Business rate retention: best when it's boldest

24 Oct 11
Andrew Carter

The LGRR presents a historic opportunity to devolve some level of local financing back into the hands of local authorities. London, in particular, stands to gain

The Local Government Resource Review consultation closes today - four months on since Eric Pickles announced plans for a major overhaul of the UK’s local government financing system.

The LGRR may not sound like the most exciting of reforms, but it does have significant potential to change the way councils are funded and how they think about investment in their local economies. Now the onus is on the government to take the next steps to get this right.

Earlier this year, Centre for Cities published research arguing that, in order for this legislation to make a real difference to the UK’s economic future, councils need financial incentives to invest in local economic development. Government needs to keep things simple by charting a course that creates strong and long-term incentives for growth by allowing local authorities to retain between 40% and 60% of future business rates growth. We don’t want another LABGI!

Recently, in collaboration with Future of London, we have built on our national level research to examine how these changes to local finance could play out in the authorities of London. Similarly to the picture for UK’s cities, we found in our report, Capital Gains, that London as a whole would be set to fare well if the changes in the LGRR are bold enough.

Between 2000/01 and 2010/11 most of London’s authorities experienced growth in their business rates with places such as Camden, Tower Hamlets and Southwark seeing significant increases. If these authorities were allowed to retain a fixed portion of their future business rates growth, they would have new resources to support the economic growth of their local businesses and communities.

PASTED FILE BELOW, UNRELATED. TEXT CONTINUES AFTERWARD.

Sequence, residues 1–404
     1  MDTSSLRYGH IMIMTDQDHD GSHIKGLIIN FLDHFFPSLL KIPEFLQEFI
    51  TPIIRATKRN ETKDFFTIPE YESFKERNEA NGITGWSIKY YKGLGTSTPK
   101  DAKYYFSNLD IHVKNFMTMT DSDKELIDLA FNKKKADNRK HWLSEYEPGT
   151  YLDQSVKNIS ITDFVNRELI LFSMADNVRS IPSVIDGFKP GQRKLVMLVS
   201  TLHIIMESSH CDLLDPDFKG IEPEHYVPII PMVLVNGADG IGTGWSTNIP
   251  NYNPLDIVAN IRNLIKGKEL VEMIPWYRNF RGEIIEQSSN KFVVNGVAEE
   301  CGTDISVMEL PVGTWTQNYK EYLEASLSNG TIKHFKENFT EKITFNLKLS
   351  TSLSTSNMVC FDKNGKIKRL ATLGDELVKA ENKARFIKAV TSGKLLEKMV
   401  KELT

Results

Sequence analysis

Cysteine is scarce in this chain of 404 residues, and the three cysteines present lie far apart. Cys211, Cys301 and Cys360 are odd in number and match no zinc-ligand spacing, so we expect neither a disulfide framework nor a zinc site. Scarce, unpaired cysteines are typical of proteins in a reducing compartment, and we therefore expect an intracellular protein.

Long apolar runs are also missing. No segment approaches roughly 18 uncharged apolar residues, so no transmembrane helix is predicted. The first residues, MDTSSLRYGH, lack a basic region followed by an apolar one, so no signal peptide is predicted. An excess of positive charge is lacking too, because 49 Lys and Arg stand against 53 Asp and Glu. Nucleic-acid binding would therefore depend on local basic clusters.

Inevitably, any major changes to an existing system will see some authorities fare better than others. We argue that one way to ensure that all councils gain from business rates retention is through pooling.

Under this system, a portion of each authority’s business rates gains would be put into a central London pot to be used to support those places where budgets would be squeezed, as well as to fund strategic projects that would benefit all of London’s businesses and communities. Examples of this might be transport upgrades similar to Crossrail or the Northern Line extension to Battersea.

The LGRR presents a historic opportunity for the government to devolve some level of local financing back into the hands of local authorities. If the incentives are bold enough, councils will have the resources to support their communities and invest in projects that would benefit both their business base and local residents. London in particular, could see significant benefits from a radically different finance system.

With the consultation now closed, all we can do is hope that the government will design the reforms to be significant, clear and targeted in order to provide the incentives and resources necessary for growth.

Andrew Carter is director of policy and research at Centre for Cities




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